Data center, cloud, program management, IT acquisition, and budget moves are coming within the next six months as part of Obama administration's IT overhaul.

J. Nicholas Hoover, Senior Editor, InformationWeek Government

December 10, 2010

4 Min Read

Government Innovators

Government Innovators

Slideshow: Government Innovators (click image for larger view and for full slideshow)

When the Obama administration announced Thursday a 25-point plan to transform the way the federal government manages its information technology, it did so with an eye to the long term. However, on a number of key fronts, the Office of Management and Budget is directing the execution of a number of near-term action items within the next few months.

Some of those short-term plans grow out of work already being done under the banner of IT consolidation, including data center consolidation and cloud computing. The federal government is in the midst of a government-wide data center consolidation effort -- the Federal Data Center Consolidation Initiative -- and is beginning a more directed push toward cloud computing as part of the 2012 budget cycle.

The Office of Management and Budget has instructed each agency to designate, within the next six months, a dedicated senior data center consolidation program manager to lead the agency's data center consolidation initiative and develop a more detailed plan with verifiable milestones to reach agency data center reduction targets. In addition, the Federal CIO Council will launch a Data Center Consolidation Task Force that begin meeting monthly to review progress agency-by-agency and work to "ensure government-wide alignment between agency efforts."

In terms of cloud computing, OMB announced that, after more than an 18-month wait, the General Services Agency will finally make a common set of contract vehicles for infrastructure-as-a-service available within the next six months after completing security certification. Blanket purchase agreements were awarded in late October to several companies that will deliver services from Microsoft, Amazon, and others.

More broadly, OMB said that it will work with Congress to develop a more flexible funding model for "commodity" IT services like email, data center spending, content management systems, and Web infrastructure that will apply to inter-- and intra-agency services to help consolidate these systems into shared services.

Top 20 Government Cloud Service Providers

Top 20 Government Cloud Service Providers

(click image for larger view)
Slideshow: Top 20 Government Cloud Service Providers

IT program management -- one of the top priorities for federal CIO Vivek Kundra in recent months -- will also see some changes in the near future. The Office of Personnel Management will create a career path for IT program managers that will help formalize federal IT program management capabilities, and the Federal CIO Council will foster IT program manager expertise with a new online portal to share best practices. OMB will also issue guidance requiring each major IT project to have an integrated IT program team that includes IT, business acquisition, and finance pros.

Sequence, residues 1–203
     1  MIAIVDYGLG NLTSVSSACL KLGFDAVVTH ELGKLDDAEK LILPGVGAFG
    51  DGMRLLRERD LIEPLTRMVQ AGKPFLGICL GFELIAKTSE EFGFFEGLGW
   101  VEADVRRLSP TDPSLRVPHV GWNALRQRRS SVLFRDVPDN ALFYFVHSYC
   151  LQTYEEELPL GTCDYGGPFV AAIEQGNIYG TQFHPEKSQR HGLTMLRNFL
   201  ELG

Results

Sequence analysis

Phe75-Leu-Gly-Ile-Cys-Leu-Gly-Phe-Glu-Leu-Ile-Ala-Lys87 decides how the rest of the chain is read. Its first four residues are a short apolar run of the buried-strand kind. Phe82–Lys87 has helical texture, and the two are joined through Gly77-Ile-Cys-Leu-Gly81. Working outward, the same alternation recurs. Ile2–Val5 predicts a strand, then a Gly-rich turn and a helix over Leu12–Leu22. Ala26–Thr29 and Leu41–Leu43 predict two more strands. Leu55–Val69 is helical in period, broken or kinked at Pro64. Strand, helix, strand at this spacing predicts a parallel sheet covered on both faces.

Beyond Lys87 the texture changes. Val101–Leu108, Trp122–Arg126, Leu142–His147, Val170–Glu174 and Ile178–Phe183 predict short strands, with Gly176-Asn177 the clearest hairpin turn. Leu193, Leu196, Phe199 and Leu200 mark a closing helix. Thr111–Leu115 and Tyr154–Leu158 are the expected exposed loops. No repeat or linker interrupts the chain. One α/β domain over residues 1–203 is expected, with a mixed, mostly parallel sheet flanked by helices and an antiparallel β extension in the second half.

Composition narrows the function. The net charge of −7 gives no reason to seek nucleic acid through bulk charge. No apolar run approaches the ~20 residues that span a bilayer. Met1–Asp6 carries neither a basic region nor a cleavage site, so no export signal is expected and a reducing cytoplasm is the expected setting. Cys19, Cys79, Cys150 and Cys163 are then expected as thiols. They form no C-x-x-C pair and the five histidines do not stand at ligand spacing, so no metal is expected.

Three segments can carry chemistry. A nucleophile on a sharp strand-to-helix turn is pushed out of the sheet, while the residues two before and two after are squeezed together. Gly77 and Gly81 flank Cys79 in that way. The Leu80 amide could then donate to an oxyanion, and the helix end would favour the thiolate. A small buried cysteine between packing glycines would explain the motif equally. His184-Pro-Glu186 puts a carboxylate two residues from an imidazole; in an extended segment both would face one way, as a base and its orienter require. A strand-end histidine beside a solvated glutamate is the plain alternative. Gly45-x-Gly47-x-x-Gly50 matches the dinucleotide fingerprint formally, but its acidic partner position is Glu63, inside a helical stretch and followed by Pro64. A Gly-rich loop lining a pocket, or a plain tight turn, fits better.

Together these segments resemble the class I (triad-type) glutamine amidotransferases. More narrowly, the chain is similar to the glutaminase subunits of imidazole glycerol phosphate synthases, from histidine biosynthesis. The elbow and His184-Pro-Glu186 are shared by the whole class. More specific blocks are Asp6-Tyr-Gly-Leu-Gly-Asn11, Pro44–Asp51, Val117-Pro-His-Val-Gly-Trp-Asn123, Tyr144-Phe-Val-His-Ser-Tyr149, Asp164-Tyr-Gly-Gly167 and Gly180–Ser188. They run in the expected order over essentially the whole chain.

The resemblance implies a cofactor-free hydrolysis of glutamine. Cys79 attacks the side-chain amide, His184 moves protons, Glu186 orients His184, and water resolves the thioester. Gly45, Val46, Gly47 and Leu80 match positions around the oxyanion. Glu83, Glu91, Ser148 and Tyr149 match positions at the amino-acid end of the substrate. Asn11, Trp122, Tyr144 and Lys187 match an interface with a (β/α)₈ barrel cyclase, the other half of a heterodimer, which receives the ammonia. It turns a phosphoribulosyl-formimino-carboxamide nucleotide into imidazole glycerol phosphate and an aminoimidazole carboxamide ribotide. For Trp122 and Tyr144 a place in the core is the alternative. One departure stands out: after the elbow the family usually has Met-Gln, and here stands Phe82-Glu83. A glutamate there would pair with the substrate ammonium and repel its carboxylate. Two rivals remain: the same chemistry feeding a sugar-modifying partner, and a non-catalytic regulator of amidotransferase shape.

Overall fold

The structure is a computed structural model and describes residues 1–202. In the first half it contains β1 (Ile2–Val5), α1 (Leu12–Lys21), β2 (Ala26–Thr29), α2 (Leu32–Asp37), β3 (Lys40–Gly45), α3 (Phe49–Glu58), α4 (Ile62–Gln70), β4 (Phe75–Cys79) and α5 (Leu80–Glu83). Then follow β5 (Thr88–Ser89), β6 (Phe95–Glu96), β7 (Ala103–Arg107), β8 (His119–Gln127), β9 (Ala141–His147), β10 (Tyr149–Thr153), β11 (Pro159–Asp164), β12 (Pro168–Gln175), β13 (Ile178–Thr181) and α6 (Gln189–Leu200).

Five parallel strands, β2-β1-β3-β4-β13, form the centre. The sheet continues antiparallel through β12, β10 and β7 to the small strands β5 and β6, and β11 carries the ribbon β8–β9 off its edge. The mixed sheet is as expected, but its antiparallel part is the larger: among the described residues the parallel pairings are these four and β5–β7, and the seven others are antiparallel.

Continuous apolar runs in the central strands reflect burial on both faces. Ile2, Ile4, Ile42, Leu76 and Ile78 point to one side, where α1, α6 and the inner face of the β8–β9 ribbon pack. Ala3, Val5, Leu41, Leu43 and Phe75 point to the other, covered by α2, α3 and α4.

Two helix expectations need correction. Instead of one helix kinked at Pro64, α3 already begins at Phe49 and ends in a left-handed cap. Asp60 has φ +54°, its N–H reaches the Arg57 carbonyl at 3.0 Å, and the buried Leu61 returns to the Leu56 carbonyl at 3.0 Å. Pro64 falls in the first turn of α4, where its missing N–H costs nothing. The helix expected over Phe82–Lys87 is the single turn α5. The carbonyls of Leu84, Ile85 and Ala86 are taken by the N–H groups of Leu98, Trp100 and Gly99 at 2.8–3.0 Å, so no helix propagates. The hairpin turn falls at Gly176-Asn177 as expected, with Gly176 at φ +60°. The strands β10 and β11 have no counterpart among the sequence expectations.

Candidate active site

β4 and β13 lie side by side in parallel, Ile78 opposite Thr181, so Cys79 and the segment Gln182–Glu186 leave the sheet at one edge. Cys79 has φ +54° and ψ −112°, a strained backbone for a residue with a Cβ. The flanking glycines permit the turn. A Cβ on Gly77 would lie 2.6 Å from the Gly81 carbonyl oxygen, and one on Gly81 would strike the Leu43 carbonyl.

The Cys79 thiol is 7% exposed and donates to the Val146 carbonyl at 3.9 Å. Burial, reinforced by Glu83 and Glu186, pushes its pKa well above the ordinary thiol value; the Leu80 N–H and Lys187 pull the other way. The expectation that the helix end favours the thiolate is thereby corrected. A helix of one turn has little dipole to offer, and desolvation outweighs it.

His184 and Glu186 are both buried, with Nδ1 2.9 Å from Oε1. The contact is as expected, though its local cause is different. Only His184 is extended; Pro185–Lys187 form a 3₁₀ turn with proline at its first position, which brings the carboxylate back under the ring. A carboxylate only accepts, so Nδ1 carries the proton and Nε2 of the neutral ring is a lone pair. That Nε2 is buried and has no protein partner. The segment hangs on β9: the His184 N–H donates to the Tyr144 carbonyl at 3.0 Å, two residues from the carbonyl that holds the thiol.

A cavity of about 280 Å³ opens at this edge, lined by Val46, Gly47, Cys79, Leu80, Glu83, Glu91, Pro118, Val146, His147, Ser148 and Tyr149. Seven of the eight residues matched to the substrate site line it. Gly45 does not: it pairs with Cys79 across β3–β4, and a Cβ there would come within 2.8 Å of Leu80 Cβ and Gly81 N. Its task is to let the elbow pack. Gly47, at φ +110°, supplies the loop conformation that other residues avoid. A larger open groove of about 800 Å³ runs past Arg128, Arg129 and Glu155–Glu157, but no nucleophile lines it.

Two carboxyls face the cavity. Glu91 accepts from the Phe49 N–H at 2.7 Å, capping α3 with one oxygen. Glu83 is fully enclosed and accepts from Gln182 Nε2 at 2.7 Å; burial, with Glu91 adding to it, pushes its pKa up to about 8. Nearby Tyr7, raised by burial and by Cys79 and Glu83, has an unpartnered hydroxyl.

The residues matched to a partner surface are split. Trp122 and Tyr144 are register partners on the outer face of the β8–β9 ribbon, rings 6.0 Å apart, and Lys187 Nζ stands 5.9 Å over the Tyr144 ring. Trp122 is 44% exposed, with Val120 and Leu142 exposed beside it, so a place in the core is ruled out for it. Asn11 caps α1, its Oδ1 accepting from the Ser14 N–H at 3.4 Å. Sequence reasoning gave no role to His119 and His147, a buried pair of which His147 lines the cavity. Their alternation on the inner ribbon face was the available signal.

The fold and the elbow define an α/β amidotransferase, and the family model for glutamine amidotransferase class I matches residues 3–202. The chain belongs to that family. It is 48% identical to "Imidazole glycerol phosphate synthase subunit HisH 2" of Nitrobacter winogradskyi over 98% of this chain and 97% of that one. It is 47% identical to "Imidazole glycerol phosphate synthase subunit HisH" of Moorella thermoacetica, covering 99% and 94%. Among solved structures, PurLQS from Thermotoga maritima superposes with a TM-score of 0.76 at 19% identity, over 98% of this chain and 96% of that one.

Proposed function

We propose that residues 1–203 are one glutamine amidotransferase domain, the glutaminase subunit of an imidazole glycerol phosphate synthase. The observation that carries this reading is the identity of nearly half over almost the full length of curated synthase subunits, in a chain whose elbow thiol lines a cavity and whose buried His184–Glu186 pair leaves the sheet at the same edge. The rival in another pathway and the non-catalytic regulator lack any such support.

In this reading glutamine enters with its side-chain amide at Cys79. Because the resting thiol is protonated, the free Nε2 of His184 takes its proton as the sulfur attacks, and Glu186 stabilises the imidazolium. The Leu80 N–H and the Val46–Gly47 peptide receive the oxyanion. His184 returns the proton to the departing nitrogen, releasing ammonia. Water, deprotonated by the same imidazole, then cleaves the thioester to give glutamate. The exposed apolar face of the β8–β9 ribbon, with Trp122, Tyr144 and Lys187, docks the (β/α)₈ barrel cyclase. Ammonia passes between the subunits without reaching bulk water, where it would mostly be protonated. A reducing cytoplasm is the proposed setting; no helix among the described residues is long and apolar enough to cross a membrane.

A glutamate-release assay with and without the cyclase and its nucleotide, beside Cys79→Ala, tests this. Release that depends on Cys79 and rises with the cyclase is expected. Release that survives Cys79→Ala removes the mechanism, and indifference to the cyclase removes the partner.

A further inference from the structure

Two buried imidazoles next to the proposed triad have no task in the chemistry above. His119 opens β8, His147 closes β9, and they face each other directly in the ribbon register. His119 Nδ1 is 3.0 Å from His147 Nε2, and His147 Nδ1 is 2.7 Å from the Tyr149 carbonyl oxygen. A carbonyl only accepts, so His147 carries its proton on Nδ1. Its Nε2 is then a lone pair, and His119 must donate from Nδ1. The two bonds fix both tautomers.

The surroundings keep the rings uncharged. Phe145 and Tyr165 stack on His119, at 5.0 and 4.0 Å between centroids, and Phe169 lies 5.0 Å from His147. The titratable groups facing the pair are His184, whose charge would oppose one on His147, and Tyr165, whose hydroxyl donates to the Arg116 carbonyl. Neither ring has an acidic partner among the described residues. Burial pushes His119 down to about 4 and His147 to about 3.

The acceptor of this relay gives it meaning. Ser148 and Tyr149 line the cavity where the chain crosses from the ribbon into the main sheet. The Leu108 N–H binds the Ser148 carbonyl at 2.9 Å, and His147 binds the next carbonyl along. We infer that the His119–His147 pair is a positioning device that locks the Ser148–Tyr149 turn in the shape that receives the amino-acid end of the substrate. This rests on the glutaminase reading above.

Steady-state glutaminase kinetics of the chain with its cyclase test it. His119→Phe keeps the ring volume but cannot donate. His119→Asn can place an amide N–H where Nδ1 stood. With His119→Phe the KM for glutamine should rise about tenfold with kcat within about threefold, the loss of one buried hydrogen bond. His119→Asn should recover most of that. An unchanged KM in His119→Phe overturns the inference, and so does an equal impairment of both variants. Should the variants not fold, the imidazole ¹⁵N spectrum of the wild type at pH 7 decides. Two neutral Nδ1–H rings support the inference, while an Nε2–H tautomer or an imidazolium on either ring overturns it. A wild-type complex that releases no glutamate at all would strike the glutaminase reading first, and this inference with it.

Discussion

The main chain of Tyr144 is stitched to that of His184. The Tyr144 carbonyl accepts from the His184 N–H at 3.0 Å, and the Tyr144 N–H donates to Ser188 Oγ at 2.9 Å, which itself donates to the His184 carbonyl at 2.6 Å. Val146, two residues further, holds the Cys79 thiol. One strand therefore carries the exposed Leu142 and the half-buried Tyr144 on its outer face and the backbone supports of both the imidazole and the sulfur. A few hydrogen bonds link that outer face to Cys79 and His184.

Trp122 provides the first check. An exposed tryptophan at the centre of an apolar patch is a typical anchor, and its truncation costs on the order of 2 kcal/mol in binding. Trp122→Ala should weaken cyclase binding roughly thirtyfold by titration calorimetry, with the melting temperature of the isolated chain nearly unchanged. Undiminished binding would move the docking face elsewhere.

In terms of program oversight, OMB will by March stand up a version of the TechStat statistics-based management sessions at each agency, led by agency CIOs. Mandated official budget planning and justification documents -- Exhibits 53 and 300 -- will also see long overdue overhauls to transform them from underused paperwork into "authoritative management tools."

IT acquisition has long been a sticky subject for the federal government. Kundra has recently raised concerns that the acquisition workforce is understaffed and highly risk-averse. In addition to launching a campaign to counter "myths" about restrictions on the acquisition workforce's ability to work with industry, the administration plans within six months to issue guidance on requirements for IT acquisition specialist training and will launch an online, interactive platform to "effectively tap the understanding of industry partners."

Finally, OMB will take steps over the next few months to push new ways about thinking about IT budgeting. The traditional annual budgeting process is increasingly a thorn in the side of IT in an era of fast-paced changes that might see an entire generation of technology pass between the time a budget is proposed and spending finally begins to filter out. OMB plans to work closely with agencies and Congress over the next few months to determine how flexible "working capital funds" and other non-traditional types of government budgeting and spending could increase IT funding flexibility.

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About the Author(s)

J. Nicholas Hoover

Senior Editor, InformationWeek Government

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